A college degree may not be the end-all, be-all solution to career success. A 2018 study published by LiveCareer shows that having a post-secondary education lends well to higher-paying positions for white-collar jobs, but not necessarily for blue-collar employment. Having a degree only works out if a chosen career demands one, and blue-collar employment usually takes a more direct approach.
Statistics Behind the Survey
LiveCareer's 2018 job-hopping survey examined thousands of resumes and job listings for 12 different occupations that make up 25 percent of American occupational categories. A program specialized for natural language processing then compared resumes to the job listings. Around two-thirds of millennials had some kind of college degree, ranging from a two-year degree to a graduate degree. By comparison, 26 percent of millennials listed at least one professional certification or license on their resume.
When examining blue-collar jobs only, a college degree may actually hurt someone's chances of landing a job. Around 24 percent of blue-collar job seekers listed a two-year degree, and 17.5 percent highlighted a four-year degree on their resumes. By comparison, only 5 percent of blue-collar employers had a four-year degree as a qualification, and none showed a two-year degree.
The survey concluded that having a college degree for a blue-collar job, or one that relies on specific, hands-on skills, may actually hurt someone's chances of landing a position. These jobs include plumbers, electricians, hairstylists, construction workers and skilled laborers. Companies may feel someone with a degree is overqualified and underpaid. That disconnect could lead to job dissatisfaction and high turnover, so employers try to find someone who is a perfect fit.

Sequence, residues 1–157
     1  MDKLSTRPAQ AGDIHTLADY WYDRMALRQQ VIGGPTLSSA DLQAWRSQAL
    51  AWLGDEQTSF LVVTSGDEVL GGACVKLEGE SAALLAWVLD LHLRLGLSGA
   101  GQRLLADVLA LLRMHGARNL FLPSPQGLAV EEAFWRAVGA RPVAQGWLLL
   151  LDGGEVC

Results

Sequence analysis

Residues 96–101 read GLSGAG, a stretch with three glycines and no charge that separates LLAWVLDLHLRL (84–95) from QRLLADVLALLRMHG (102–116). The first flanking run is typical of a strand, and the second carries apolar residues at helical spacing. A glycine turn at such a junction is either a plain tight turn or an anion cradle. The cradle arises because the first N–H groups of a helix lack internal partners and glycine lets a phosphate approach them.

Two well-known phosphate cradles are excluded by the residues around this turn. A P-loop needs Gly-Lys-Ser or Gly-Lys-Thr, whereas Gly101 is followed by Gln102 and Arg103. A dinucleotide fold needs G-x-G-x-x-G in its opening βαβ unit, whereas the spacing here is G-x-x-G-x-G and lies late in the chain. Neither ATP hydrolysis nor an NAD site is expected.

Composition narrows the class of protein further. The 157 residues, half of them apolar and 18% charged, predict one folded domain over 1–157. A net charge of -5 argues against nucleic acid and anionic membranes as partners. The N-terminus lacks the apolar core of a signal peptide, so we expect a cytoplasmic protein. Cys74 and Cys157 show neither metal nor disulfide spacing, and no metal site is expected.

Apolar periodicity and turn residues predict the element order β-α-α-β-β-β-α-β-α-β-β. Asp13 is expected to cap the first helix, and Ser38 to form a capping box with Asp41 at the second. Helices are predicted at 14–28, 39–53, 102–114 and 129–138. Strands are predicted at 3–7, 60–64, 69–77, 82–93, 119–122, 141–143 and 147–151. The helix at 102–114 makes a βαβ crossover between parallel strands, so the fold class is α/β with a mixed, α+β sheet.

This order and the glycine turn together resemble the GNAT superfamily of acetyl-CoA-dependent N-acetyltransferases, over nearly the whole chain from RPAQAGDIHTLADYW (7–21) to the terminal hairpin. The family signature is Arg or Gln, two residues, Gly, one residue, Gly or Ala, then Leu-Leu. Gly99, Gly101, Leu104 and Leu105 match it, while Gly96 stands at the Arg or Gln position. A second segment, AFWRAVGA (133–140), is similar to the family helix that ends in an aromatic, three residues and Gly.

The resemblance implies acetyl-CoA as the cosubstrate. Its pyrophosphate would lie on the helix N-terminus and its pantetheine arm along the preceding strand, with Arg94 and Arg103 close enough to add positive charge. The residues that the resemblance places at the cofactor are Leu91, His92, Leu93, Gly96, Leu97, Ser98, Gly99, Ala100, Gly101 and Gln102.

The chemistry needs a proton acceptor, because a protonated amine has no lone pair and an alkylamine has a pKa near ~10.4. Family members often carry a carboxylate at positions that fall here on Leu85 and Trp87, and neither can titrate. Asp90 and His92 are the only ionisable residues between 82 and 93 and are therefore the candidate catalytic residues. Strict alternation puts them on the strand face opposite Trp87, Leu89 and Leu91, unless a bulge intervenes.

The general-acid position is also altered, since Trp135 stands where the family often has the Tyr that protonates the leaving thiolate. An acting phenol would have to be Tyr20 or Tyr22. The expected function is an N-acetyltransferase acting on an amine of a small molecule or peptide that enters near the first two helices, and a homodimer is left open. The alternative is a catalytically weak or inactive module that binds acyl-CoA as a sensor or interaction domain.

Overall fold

Solutions and Tips
Job seekers with a college degree who want a blue-collar job have some strategies to lean on when it comes to landing a great job. These jobs are usually non-professional ones where job skills transfer easily from one position to another. Job seekers should focus on these transferable skills as opposed to higher education. That means beefing up communications, teamwork, collaboration and leadership skills.
Candidates should compare what employers want by examining various job descriptions. When similar positions have the same certifications or licenses as a standard practice, people should highlight those rather than showcasing a two-year or four-year degree. Specialized training for certain fields may be more important than an overall education.
Another solution is for job seekers to go into business for themselves. If a person has all of the skills needed to be an electrician or welder, a candidate can invest in the time and tools necessary to own a business or become an independent contractor.
A college degree does not necessarily mean career success, but that's not a bad thing. Many companies would rather find a perfect fit instead of having to hire another new person all over again because of an overqualified candidate that lacks engagement and becomes bored quickly.
Photo courtesy of Roman Boed at Flickr.com